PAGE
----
As we head off for Memorial Day holidays, it’s a good time to say thank you to our men and women in uniform, past and present, for the sacrifices they have made for our country. I know that I for one take my freedom for granted every single day, and we all owe our armed forces a huge debt of gratitude. Too bad most of us only think about this a few times a year.
I have never been in a war. I’ve never even been in a war zone. The closest I have been was touring Ground Zero about a year after 9/11, and if anyone doubts whether those attacks constituted an act of war against our country, I would say talk to someone who was there that day and I bet you will change your mind.
I experience war the way many Americans do–through the filter of the media. I read about it in newspapers, online, see it on TV, and occasionally pick up a book about it. It is through the words of writers–some professional and some not–that I feel a sense of loss, sacrifice, awe, horror, and gratitude over the experiences of people who represent my country overseas.
Today I want to share with you a few books, all about different wars, that really struck a chord with me. In short, they made me cry. They also made me laugh and wonder and feel grateful for those who have served our country.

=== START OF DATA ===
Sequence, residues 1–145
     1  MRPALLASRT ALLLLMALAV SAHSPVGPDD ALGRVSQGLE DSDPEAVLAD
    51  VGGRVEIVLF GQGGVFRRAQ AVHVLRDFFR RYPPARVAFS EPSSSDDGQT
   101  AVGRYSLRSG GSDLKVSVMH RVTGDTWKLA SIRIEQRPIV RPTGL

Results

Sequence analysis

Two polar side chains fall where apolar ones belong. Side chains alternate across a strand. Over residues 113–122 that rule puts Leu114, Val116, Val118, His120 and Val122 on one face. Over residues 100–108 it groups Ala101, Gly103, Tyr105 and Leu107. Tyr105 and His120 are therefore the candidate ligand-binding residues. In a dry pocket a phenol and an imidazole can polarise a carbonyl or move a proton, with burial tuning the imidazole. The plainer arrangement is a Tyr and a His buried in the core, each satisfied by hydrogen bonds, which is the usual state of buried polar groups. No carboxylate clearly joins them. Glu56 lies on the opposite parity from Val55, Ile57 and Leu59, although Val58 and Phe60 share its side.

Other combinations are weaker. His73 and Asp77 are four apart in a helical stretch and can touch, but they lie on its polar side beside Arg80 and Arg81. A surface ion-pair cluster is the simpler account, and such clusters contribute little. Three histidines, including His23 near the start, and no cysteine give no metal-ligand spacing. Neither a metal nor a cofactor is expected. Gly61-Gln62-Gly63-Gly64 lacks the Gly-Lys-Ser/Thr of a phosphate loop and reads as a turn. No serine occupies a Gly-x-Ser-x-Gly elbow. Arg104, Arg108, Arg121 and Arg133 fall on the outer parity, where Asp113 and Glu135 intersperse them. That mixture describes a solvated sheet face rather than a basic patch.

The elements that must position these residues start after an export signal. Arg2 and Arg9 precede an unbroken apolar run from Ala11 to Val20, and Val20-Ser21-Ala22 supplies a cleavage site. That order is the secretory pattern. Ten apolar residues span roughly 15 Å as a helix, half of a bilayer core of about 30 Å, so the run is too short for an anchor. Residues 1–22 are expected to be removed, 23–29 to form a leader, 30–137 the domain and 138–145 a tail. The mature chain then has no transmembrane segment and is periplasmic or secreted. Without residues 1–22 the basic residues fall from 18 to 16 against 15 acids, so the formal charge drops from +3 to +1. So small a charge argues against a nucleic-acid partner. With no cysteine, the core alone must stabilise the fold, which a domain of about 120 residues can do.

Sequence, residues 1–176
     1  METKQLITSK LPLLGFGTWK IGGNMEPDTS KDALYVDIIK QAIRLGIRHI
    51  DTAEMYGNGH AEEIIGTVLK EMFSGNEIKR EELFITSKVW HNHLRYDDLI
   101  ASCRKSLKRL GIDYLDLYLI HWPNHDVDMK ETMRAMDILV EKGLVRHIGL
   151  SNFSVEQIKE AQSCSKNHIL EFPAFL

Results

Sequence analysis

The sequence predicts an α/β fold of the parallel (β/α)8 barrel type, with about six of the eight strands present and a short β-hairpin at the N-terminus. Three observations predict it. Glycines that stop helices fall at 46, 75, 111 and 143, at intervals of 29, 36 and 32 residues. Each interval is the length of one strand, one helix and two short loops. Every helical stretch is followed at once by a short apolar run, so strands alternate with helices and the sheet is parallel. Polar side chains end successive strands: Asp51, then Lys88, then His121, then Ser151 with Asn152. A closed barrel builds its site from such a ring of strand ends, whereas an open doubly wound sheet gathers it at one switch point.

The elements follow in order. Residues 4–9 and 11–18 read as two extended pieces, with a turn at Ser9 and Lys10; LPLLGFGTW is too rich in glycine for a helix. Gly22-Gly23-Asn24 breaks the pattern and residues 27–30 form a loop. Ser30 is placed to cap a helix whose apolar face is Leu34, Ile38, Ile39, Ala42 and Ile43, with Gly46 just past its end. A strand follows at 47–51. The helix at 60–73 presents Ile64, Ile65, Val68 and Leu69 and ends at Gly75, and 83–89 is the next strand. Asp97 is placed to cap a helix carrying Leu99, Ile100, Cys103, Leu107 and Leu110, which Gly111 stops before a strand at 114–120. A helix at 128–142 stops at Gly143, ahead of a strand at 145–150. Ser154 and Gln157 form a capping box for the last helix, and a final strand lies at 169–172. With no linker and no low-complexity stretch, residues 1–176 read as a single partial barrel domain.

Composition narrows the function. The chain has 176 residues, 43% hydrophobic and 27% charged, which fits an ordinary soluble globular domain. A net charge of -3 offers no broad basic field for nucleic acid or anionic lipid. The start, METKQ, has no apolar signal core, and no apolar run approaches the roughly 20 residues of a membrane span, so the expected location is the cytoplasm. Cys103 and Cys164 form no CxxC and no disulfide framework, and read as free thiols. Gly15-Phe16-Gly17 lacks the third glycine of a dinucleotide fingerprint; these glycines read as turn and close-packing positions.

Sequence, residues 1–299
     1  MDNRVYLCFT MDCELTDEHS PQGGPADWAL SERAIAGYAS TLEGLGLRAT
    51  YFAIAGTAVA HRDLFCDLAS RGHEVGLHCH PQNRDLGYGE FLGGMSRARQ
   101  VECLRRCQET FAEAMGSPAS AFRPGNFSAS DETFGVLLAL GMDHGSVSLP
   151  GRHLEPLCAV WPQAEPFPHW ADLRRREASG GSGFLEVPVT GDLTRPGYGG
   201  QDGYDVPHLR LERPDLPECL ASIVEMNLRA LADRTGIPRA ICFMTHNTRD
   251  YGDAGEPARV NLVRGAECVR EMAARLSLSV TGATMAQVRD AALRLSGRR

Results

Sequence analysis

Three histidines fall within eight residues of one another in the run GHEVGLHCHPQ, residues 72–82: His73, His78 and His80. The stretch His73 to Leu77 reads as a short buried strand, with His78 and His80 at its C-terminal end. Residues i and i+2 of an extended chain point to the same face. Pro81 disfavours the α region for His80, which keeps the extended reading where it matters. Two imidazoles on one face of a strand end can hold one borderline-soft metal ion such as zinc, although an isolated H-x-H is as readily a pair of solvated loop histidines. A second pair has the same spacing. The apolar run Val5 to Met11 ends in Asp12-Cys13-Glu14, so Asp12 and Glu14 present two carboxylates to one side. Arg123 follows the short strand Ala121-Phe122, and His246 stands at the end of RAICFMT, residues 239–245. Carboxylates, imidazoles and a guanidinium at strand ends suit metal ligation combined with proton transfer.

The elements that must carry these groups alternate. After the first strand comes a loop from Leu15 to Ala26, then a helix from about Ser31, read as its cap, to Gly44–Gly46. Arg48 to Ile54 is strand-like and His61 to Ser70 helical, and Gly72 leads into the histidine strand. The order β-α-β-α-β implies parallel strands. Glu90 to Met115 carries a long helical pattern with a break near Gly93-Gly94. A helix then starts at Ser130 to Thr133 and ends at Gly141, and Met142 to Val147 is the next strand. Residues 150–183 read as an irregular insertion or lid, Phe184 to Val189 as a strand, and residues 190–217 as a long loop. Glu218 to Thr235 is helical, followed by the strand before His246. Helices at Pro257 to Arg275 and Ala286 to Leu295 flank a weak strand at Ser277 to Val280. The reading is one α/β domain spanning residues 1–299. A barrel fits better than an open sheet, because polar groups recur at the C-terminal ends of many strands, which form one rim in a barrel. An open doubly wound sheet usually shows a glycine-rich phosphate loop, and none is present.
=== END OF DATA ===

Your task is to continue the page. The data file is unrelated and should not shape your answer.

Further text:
The Things They Carried by Tim O’Brien — This poignant collection of stories about Vietnam gives a very personal and humanizing glimpse into the lives of a handful of soldiers by examining the things they carried with them through the jungle: “They carried malaria tablets, love letters, 28-pound mine detectors, dope, illustrated Bibles, each other.” (from the back cover copy)
Cold Mountain by Charles Frazier — This is a love story, first and foremost, but it really drove home for me how bloody the Civil War was and made me realize how close we came to not being a United States.
Lone Survivor by Marcus Luttrell and Patrick Robinson — A terrifying and extremely moving account, set in the Afghanistan-Pakistan border region, of one of the bloodiest days ever for America’s Navy SEALs. What got me about this book was the gray areas. It made me think about how difficult it is to draw a hard line between right and wrong, especially on the modern battlefield. I read the whole book as told through the eyes of this Navy SEAL who watched his friends die, and even in hindsight, I have no idea how I would have responded if faced with the same impossible choices. This book made me think, and I believe that’s the hallmark of an effective war story.
Can you recommend any books about war or soldiers? Or maybe you saw a movie that really hit home? Please share your thoughts!
And a safe and happy Memorial Weekend to everyone!